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BlackBerry's Q5 QWERTY gets flirty with buy-curious teens

We need to talk about Kevin

SANS - Survey on application security programs

BlackBerry's new Q5 QWERTY smartphone was revealed today as "youthful and fun", rather distancing the device from its pinstripe pocket-dwelling siblings, the Q10 and Z10.

The Q5 a mid-range sibling to the first BlackBerry OS 10 QWERTY phone, the Q10, which we reviewed here last week. But somewhat surprisingly, the BB10-powered Q5 does support LTE, the next-gen mobile internet connectivity standard.

Under a 3.1in screen, the keys resemble those of the popular BlackBerry Curve, except the keyboard doesn't have, er, actually have a curve. It comes in black, white, red and pink.

And it's fairly crucial to BlackBerry's immediate future.

Another QWERTY BlackBerry ... the mid-range Q5

The Canadian company never had much of a consumer market in the United States, but in other parts of the world it's de rigueur. In the Philippines or Indonesia, for example, the "subscriber identity" is not the SIM but the BlackBerry Messenger (BBM) handle.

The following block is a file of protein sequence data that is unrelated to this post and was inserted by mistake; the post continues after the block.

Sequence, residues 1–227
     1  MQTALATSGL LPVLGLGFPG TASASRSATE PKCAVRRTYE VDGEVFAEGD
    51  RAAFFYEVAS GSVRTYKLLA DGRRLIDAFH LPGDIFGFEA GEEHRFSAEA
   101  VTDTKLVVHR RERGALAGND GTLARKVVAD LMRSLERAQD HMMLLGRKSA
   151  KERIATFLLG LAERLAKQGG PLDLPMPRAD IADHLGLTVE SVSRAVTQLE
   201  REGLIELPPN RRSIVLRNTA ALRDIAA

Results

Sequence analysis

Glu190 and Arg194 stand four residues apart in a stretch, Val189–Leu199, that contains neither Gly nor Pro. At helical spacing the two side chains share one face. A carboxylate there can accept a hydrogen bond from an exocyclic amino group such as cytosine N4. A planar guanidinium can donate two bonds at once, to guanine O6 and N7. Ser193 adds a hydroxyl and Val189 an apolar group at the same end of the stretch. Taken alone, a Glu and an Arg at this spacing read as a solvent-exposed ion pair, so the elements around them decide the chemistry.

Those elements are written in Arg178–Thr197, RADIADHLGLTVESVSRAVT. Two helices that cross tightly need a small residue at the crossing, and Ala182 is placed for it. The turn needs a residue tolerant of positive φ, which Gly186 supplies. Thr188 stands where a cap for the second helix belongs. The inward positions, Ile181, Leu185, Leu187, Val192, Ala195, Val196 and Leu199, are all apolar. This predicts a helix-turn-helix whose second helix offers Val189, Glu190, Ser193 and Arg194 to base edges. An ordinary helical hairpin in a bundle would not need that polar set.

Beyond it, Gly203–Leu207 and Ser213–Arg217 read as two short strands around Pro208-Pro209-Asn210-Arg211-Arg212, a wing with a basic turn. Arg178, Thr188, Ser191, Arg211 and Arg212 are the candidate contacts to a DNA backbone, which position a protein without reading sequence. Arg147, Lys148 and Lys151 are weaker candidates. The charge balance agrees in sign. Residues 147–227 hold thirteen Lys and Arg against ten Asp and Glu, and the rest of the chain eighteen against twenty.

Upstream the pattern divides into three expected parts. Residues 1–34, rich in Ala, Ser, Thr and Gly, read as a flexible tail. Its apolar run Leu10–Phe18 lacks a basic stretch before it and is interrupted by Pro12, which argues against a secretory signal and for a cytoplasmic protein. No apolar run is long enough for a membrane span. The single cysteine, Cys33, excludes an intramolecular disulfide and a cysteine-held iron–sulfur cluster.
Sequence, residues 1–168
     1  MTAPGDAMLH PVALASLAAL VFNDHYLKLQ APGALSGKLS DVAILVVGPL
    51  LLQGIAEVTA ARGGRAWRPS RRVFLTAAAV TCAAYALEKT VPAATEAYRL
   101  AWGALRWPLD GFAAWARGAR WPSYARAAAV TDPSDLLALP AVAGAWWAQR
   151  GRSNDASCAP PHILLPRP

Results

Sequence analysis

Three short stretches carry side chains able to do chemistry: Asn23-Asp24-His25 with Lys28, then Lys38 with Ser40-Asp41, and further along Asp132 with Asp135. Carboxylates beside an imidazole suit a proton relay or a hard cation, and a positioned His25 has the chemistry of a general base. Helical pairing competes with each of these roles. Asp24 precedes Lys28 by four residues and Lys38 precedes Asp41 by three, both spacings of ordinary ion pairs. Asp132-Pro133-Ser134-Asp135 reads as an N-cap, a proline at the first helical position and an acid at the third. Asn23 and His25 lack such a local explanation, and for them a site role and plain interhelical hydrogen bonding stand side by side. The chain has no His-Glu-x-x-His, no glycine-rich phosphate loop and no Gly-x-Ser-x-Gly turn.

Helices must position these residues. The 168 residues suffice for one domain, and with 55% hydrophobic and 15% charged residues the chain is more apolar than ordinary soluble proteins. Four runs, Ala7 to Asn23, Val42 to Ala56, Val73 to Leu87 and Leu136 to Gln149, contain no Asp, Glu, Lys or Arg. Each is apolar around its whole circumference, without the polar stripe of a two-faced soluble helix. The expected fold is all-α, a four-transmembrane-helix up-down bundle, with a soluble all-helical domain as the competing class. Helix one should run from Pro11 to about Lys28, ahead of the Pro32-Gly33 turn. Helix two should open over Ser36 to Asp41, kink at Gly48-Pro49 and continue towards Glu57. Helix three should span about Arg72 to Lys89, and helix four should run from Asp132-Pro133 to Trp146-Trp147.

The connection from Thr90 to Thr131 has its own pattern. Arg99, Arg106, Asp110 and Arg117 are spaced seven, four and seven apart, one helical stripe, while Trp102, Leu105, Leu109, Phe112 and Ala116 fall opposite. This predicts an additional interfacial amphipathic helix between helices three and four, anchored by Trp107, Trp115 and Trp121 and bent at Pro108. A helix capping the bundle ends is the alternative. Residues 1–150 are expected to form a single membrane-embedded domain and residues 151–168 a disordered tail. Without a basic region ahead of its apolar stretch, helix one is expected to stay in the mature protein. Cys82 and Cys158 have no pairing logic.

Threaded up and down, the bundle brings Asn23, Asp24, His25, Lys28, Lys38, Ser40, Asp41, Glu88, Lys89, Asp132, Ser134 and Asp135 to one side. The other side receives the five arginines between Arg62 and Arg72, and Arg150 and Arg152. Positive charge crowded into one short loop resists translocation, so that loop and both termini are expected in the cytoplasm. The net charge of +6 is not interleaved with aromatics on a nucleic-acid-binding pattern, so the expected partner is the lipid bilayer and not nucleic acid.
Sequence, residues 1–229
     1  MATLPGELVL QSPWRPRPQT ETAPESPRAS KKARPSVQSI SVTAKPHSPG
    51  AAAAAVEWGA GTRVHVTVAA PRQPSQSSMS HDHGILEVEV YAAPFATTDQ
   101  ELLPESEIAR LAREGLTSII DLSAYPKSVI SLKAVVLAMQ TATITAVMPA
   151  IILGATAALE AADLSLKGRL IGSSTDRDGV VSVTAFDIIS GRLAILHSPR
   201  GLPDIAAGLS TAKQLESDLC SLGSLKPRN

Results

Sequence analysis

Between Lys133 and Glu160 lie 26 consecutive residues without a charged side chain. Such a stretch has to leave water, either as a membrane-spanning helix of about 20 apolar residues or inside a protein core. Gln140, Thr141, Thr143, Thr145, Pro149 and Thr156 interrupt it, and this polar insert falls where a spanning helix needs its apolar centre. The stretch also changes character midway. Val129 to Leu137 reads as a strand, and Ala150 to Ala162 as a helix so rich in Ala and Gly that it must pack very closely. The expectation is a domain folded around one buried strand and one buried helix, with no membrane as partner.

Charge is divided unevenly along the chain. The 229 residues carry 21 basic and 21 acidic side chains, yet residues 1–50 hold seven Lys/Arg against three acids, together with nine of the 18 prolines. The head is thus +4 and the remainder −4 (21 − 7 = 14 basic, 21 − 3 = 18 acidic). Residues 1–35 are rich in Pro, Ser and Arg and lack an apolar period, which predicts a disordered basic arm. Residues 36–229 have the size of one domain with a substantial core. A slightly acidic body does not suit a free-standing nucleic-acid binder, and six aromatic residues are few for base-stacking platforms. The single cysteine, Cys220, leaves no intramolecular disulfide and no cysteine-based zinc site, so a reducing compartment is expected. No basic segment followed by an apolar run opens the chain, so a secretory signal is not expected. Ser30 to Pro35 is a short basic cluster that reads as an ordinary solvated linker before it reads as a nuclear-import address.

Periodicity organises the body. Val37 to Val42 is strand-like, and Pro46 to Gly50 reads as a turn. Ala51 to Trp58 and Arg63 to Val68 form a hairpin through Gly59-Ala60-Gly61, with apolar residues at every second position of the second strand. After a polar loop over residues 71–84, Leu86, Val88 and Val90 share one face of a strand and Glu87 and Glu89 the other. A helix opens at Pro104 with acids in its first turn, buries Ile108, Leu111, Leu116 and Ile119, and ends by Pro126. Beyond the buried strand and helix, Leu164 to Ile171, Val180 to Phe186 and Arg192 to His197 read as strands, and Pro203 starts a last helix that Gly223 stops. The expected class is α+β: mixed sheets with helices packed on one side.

In the UK BlackBerry retains a huge install base among the yoof, although it has never broken out the figures for its enterprise-consumer mix in Blighty. It also hasn't provided Brits with anything affordable and new for almost 18 months. BlackBerry really needs to make a big splash to stop them defecting.

BlackBerry OS 10 represents a major usability change for loyal BlackBerry users. It also dropped its support for consumer BlackBerry Internet Service, which means punters have to buy a data plan from a mobile network operator (rather than pay BlackBerry) in order to access email and BBM over the air. But the Q5 does offer BBM Video Chat, modern web browsing and a decent camera - and represents some continuity.

Pricing is not yet known, but availability will be apparently be in the summer - just in time for another round of riots. ®

Bootnote

The hard-working founder of the leading BlackBerry fan site is called Kevin. Many BlackBerry owners are teenagers. The juxtaposition of these two facts causes deep and immense satisfaction for this hack and, I submit, anyone aware of Harry Enfield's Kevin the stroppy teenager.

And rather than allowing the Q10 and Z10 to be described as "old and miserable", BlackBerry staff today stressed the phones are actually "hyper-connected, ambitious multi-taskers". So there you go.

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